The majority opinion’s reasoning was murky, but it sets a precedent for a future ruling to make gay marriage a constitutional right
The legal issue, as the Court chose to define it in the majority opinion, was whether the Federal constitution was violated when it applied its definition of marriage to the resident of a state in which the definition was broader. In this situation, the Court held, DOMA is unconstitutional as "a deprivation of the liberty of the person protected by the Fifth Amendment of the Constitution."
As the dissents of Justice Scalia and Justice Alito make clear, the reasoning and legal principles on which the ultimate result was based remain murky. It is as if the Court went out of its way to mystify the exact reasons for holding unconstitutional a Federal law that was enacted by overwhelming majorities in 1996 and signed into law by President Bill Clinton — not exactly a hateful, bigoted conservative. The murkiness may well serve as a cover to allow the decision to be used later for an even more expansive ruling.
In his dissent, Justice Scalia predicts that this decision represents but a way station on a journey to another ruling that will prohibit the Federal government and the states from limiting the definition of "marriage" in any way. Justice Scalia is right, for the majority seems to be following a jurisprudential road that we have seen before in matters involving sex.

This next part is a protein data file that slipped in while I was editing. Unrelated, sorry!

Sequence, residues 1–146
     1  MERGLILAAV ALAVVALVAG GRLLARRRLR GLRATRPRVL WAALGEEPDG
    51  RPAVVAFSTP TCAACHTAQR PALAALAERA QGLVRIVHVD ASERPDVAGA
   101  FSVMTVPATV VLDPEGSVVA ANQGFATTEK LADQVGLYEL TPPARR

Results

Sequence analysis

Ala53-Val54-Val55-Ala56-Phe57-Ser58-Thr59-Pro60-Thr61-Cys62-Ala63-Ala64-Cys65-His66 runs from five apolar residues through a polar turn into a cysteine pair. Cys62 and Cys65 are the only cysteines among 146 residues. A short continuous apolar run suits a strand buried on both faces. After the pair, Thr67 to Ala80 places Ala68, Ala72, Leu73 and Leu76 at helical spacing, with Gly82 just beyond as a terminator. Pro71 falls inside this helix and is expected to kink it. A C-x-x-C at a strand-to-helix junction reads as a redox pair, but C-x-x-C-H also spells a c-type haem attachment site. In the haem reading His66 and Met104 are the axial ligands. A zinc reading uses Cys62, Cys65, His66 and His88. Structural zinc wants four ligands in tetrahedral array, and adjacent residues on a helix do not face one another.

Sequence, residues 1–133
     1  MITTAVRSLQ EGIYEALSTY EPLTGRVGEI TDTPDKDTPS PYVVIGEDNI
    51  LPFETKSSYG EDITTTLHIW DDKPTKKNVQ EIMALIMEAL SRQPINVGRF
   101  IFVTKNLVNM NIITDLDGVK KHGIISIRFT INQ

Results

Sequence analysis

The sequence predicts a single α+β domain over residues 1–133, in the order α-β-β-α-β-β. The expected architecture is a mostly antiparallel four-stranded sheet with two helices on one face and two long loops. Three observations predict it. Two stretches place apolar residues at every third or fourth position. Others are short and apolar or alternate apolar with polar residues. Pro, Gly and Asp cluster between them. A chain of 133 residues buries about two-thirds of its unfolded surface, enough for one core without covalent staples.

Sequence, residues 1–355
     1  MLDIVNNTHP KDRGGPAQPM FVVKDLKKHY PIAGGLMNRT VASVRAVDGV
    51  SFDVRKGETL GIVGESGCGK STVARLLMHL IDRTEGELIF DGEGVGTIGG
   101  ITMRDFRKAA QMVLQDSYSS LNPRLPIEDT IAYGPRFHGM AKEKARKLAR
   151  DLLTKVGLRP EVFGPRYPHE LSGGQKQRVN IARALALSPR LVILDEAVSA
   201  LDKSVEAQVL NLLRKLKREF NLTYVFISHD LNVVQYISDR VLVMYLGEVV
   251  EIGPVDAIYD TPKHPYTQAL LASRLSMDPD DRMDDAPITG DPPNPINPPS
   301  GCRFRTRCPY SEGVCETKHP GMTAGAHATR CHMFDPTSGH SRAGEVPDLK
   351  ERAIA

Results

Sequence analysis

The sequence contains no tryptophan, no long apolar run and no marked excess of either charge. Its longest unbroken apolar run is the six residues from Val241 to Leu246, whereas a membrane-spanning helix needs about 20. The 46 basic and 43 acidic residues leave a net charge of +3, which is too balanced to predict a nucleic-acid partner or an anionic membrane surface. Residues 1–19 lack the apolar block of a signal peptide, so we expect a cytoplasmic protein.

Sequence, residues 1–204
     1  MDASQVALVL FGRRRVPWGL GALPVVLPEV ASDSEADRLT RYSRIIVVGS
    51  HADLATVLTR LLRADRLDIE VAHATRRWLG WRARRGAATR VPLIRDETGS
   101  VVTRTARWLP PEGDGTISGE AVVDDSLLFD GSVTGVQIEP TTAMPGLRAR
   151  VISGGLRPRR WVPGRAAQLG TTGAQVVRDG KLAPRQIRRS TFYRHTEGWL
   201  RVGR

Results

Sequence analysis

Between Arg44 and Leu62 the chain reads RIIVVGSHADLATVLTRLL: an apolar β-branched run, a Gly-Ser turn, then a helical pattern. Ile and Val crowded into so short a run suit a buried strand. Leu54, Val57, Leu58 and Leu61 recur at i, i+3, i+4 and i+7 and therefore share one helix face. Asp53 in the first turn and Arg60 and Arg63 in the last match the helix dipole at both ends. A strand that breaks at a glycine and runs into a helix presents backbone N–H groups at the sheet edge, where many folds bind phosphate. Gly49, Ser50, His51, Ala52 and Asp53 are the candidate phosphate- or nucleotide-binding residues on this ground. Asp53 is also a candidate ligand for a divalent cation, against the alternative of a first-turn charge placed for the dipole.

The Windsor opinion serves the same role for "gay marriage" as the case, Griswold v. Connecticut (1965), served for abortion almost half a century ago. It was in Griswold that the Court penned the infamous language that "specific guarantees in the Bill of Rights have penumbras, formed by emanations from those guarantees that help give them life and substance." In Griswold, the Court ruled unconstitutional a state law prohibiting the sale of contraceptives because it impinged "the zone of privacy created by several fundamental constitutional guarantees," thus offending due process.
Strictly speaking, the Griswold opinion addressed only the rights of a married couple to purchase contraceptives, but the principle announced in the decision clearly extended further. The Court quickly jettisoned its concern for the marital relationship in favor of a concern for the sexual behavior of individuals, married or not (see Eisenstadt v. Baird, 1972). Griswold’s concept of privacy then became the linchpin of Roe v. Wade in 1973. When one reads the decisions in chronological order, it is hard not to conclude that Griswold was intended only to be a way station and not the destination, and its stress on protecting the marital relationship was just rhetoric.
In our time, the next case in the trajectory of marriage jurisprudence may constitute the Roe v. Wade of marriage laws, in which the Court might well use Windsor as a precedent to strike down the marriage laws of the states that still fail to recognize same-sex marriage.
It is hard to believe that the majority does not deliberately intend such a result. If it did not, it would have decided the case on grounds of federalism, rather than the vague Fifth Amendment ground that it ultimately cited. In fact, as Justice Scalia observes, the majority describes at some length the almost exclusive role of the states in the area of family law. For most of our history, the Federal courts and Congress have acknowledged that the Federal government has no role in such things as marital status, divorce, and property succession upon death (probate). This lengthy discussion, it seems, turns out to have been the equivalent of a head-and-body fake in basketball, for Federalism does not form the basis of the holding.
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